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Are these projects some things I cannot abandon, no matter how incomplete it is?


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#1 tom_mai78101   Members   -  Reputation: 568

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Posted 04 July 2013 - 12:31 PM

I have put some projects up on another forum, just so a few acquaintances of mine can try them out. Below are the given links to each project. For those who are interested, please test them out, and if possible, do provide feedback in this thread. Thank you!

 

Pokémon Walking Algorithm (Working title, not complete) [Game, Java]

5-way Bluetooth Relay App (Requires 5 devices for testing, which I don't have) [App, Android]

Marble Run (Complete, albeit a few minor bugs) [Game, Android]

Rest Timer (Complete) [App, Android]

 

I was wondering if these are eligible for my portfolio, as in, since these projects (Marble Run is a large project, for me) are done in my college years, do they mean anything else I haven't seen yet, other than that they are currently abandoned in my portfolio? Should I not forgo "tossing into the bin" mindset for these projects?

 

I do not have a general threshold for what goes into my portfolio, nor do I understand what a portfolio should do besides keeping projects in one place. :(

 

Please tell me any suggestions to what I should do to transition around this, if possible. Sort of like, a minor change to something A, or a big helpful tip about something B. Thanks for your feedback, even if you're not replying. Everything you say or don't say is appreciated, regardless if I'm getting blamed on or something. <3



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#2 Bacterius   Crossbones+   -  Reputation: 8315

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Posted 04 July 2013 - 01:03 PM

Well I don't have an Android so I can't test most of your projects (I don't have much time right now anyway) but these are some generic opinions about portfolios:

 


I do not have a general threshold for what goes into my portfolio, nor do I understand what a portfolio should do besides keeping projects in one place

 

A portfolio isn't a code repository to store all your stuff. It's a hall of fame of your masterpieces to show to potential employers, used to optimize your chances of being hired, as well as generally documenting your skills in the best possible light. You should probably only put your very best projects there, and they need to be reasonably complete, e.g. they don't need to be utterly flawless but you want them to at least be functioning on some level and demonstrating something that you wish to emphasize such as gameplay elements, good performance, elegant art, interesting music, etc..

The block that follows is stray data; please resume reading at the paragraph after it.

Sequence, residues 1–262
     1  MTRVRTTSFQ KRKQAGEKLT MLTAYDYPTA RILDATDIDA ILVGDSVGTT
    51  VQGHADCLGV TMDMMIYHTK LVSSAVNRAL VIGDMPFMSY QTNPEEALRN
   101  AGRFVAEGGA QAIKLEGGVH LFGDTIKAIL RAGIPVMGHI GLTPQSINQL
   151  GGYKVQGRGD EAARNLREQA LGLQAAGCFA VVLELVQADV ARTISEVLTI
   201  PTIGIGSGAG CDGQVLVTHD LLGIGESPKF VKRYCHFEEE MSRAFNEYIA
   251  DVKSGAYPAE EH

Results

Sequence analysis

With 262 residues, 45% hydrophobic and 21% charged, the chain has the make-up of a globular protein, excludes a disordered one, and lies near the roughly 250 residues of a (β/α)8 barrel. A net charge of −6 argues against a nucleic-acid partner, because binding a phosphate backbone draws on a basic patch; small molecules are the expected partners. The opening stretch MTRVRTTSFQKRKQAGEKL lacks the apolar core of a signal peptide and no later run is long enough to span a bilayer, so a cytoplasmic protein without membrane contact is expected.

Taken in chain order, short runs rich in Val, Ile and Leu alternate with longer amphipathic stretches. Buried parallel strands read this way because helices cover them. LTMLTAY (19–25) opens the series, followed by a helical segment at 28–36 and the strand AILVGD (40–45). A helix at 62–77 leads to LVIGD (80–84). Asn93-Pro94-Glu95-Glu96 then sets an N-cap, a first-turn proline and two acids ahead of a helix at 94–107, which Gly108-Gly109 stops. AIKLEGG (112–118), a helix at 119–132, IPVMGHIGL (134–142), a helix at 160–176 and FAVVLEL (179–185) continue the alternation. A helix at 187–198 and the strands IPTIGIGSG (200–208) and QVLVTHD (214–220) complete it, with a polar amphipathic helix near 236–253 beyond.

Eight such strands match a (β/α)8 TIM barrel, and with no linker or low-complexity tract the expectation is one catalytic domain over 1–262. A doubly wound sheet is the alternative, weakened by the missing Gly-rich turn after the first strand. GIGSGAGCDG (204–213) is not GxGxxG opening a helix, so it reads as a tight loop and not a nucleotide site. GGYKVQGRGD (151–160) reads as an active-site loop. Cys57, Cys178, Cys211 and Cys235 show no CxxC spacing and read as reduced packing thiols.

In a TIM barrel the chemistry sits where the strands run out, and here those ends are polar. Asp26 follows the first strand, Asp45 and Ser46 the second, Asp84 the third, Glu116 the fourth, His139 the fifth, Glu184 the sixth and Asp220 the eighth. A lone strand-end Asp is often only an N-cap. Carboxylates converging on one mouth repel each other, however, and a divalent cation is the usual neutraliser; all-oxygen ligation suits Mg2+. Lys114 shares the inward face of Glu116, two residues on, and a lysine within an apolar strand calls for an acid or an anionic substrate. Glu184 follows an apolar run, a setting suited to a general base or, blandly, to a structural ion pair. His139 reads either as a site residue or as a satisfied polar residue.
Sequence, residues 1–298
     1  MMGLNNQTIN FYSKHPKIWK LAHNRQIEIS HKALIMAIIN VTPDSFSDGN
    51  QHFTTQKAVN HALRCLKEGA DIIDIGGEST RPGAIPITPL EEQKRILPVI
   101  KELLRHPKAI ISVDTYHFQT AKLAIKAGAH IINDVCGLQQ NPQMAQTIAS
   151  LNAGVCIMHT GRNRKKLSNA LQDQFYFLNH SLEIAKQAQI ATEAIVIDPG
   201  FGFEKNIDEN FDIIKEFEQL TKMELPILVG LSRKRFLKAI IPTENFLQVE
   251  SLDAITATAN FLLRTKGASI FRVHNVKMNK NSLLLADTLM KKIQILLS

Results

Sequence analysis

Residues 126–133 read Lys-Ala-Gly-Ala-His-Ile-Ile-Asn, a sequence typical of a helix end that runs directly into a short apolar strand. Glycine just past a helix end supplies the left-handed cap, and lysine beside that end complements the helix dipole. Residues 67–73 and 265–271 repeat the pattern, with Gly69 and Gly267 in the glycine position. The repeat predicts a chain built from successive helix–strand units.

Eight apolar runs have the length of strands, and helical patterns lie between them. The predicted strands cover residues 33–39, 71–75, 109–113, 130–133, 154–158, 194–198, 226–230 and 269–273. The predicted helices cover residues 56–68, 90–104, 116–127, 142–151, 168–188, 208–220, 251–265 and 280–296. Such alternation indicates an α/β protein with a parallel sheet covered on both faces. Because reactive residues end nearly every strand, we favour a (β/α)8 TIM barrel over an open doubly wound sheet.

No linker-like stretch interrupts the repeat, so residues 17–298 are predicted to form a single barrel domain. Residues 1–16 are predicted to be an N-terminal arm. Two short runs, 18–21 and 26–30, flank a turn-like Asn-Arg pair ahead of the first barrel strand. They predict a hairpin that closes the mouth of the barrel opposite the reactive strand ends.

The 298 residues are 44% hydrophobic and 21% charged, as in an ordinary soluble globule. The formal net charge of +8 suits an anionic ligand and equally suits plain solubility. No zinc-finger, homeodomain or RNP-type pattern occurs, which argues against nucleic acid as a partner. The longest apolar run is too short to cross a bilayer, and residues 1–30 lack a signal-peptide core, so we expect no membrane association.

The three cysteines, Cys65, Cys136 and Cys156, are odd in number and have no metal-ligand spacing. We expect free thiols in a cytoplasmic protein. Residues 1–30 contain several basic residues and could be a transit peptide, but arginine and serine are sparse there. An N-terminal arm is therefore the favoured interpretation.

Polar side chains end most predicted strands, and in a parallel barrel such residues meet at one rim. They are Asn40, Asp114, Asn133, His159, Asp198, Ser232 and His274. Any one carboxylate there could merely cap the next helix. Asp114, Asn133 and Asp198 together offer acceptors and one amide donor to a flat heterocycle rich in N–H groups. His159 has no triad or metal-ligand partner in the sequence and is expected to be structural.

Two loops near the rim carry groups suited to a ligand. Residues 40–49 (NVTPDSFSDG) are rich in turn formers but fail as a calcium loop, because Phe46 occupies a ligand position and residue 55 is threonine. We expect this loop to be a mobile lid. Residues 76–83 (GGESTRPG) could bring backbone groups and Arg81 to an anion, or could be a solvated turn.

Don't put too much in your portfolio, especially very similar projects. They are not supposed to be code bases (though they can act as such, e.g. a github account you can use for effectively programming while still acting as a decent portfolio by making a good README.md file containing an overview of such and such project).

 

Never put trivial stuff in your portfolio, e.g. a two-line code snippet, unless it is ridiculously clever and earth-shattering. Similarly, don't put things you are not proud of in it (for this, there's always the Coding Horrors subforum wink.png)

 

I am not sure there is a "general threshold" for portfolios but I think if you sit down for a while and consider how much work project A was and if you think you learnt a lot from it, you'll know whether to put it in your portfolio. Just picture a future employer briefly scanning it and what he would see/think). Also it probably comes with experience - no portfolio is perfect and it's just something we all have to refine as time goes on (especially once you start working on other projects, you may find some of your old stuff obsolete and remove it from your portfolio to make place for something new - remember huge overbloated portfolios are not as effective as concise but well-rounded ones).


The slowsort algorithm is a perfect illustration of the multiply and surrender paradigm, which is perhaps the single most important paradigm in the development of reluctant algorithms. The basic multiply and surrender strategy consists in replacing the problem at hand by two or more subproblems, each slightly simpler than the original, and continue multiplying subproblems and subsubproblems recursively in this fashion as long as possible. At some point the subproblems will all become so simple that their solution can no longer be postponed, and we will have to surrender. Experience shows that, in most cases, by the time this point is reached the total work will be substantially higher than what could have been wasted by a more direct approach.

 

- Pessimal Algorithms and Simplexity Analysis





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